The one field that this game does fine in is sound. Whether you are listening to a wailing solo by Joe Perry or the steady beat of Dream Police it will feel good to be playing it. The main reason this will sound good is because, well, you are making it! If you are not playing properly or are not keeping the beat correctly, you will notice from the screeching and open notes you hear. But, if you play well you will be rewarded by the beautiful sound the song you are playing coming through your speakers perfectly. Although the selection of songs certainly will not appeal to everyone, most of the songs that were chosen for the game are solid. My largest complaint would have to be that the game lacks some of Aerosmith's biggest and best songs. You will be able to hear songs from all parts of Aerosmith’s career, along with other bands that either opened for Aerosmith or inspired them. All in all it sounds great to be rocking out to a quality song with the crowd roaring. You will really feel like a rock star.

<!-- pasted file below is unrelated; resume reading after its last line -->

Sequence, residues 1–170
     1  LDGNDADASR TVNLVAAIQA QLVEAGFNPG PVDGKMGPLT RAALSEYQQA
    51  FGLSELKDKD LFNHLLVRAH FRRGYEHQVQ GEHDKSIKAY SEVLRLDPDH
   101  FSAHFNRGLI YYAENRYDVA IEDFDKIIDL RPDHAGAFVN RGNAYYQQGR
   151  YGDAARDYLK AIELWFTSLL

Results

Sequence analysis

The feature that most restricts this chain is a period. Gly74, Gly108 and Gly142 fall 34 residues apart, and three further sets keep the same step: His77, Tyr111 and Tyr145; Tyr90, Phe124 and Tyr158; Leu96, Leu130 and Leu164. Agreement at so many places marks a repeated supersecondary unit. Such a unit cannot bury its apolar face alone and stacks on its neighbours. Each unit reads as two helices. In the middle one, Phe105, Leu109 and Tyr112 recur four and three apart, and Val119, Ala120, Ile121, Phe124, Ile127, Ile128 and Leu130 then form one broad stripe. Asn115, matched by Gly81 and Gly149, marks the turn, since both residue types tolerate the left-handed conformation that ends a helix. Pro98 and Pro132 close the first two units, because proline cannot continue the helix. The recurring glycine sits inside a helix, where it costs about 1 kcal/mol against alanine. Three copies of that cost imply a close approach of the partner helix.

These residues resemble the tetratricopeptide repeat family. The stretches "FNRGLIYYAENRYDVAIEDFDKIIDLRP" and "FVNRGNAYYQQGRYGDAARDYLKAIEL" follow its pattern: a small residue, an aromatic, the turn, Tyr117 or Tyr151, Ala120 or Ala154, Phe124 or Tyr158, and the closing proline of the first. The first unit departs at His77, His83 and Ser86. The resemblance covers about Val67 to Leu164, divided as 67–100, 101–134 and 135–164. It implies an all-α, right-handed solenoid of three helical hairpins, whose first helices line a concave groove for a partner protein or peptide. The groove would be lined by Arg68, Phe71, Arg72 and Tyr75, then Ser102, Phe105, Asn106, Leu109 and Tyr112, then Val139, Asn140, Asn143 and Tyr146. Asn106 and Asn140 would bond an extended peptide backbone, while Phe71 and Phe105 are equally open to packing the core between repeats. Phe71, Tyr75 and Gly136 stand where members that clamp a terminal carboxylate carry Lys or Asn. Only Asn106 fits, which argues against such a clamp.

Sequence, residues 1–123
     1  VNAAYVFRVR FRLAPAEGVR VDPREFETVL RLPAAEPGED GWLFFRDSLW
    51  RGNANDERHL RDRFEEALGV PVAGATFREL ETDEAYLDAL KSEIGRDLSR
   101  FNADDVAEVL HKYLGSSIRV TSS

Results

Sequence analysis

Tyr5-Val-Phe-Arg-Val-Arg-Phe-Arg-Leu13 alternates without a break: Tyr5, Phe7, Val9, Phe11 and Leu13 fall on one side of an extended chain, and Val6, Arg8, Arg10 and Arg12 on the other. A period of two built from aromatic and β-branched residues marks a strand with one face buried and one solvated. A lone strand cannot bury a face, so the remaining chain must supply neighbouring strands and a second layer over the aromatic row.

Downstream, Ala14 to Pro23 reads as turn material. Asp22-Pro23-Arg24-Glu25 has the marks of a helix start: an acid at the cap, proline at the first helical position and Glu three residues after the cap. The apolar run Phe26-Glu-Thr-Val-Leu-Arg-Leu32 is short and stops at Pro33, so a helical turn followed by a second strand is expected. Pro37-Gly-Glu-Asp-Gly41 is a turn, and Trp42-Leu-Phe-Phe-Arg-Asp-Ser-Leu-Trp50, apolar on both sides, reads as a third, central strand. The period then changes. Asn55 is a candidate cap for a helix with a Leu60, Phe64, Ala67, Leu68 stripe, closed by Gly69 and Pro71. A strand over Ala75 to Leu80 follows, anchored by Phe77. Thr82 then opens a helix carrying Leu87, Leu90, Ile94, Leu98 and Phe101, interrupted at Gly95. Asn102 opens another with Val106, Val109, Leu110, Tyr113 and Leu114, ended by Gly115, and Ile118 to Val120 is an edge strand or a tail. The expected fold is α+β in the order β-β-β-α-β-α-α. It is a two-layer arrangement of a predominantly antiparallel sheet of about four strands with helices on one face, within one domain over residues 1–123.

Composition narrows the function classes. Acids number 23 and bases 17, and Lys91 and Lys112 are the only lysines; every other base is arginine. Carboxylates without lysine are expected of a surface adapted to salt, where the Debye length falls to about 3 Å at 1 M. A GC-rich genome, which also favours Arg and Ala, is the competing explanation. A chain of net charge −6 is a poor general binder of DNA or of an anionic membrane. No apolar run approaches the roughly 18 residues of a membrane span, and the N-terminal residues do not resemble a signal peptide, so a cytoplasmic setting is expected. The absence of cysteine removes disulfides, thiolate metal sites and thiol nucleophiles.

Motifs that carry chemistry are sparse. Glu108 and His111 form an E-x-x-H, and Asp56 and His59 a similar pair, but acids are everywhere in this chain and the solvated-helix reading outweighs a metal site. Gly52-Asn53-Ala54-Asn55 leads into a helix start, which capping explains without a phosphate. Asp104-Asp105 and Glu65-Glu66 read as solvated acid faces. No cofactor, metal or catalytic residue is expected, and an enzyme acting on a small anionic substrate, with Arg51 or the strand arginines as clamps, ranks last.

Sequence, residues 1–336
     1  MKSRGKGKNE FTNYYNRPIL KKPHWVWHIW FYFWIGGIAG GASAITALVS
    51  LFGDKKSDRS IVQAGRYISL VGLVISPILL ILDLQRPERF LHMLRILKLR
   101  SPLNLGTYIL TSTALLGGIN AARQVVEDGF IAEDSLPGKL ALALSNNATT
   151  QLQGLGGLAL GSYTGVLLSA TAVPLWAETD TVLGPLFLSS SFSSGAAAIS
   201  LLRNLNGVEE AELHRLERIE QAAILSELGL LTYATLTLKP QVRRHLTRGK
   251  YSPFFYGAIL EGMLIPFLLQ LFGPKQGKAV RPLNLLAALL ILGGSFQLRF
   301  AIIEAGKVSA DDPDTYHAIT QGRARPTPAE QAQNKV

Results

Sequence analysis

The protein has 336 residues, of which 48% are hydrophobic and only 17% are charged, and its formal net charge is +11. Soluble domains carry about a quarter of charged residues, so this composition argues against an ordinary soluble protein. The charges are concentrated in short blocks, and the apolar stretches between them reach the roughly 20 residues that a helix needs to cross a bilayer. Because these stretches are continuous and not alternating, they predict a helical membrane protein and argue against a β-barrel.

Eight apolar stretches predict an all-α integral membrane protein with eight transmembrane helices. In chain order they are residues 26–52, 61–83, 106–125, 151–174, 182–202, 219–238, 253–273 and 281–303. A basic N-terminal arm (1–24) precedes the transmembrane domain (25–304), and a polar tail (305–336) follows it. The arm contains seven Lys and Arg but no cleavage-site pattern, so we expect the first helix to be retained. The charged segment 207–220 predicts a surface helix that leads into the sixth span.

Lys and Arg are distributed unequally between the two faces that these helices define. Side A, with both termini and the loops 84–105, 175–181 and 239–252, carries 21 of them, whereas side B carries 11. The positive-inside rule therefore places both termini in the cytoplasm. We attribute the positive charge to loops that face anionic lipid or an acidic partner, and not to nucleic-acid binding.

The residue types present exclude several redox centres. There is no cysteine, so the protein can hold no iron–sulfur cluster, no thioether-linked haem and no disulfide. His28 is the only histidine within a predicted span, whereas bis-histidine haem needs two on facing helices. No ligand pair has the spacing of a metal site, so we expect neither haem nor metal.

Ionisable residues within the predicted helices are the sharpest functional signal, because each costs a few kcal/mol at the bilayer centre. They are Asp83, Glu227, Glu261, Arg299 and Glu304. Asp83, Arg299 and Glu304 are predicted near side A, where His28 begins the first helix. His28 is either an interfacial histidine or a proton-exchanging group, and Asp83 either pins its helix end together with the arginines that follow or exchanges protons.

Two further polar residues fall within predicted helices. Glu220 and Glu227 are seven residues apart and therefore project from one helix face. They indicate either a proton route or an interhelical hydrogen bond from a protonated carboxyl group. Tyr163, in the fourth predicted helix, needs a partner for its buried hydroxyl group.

Steven Tyler at his best!
Once you have finished up your career and have learned all about Aerosmith you may feel anxious to play more. There are a few bonus songs to purchase, and some of them are fun. But when it comes down to it, this game is just is not very fun to replay. There are way too many Aerosmith songs and you may become sick of hearing Steven Tyler by the fourth or fifth tier. This game just doesn’t hold up as a solid title in the Guitar Hero series. Fans of the series should pick it up, along with die-hard Aerosmith fans, but if you are just starting to play, I would suggest you pass this up and try out GH III instead. With the insane $60 ($100 with guitar) price tag on this game, you had better like Aerosmith.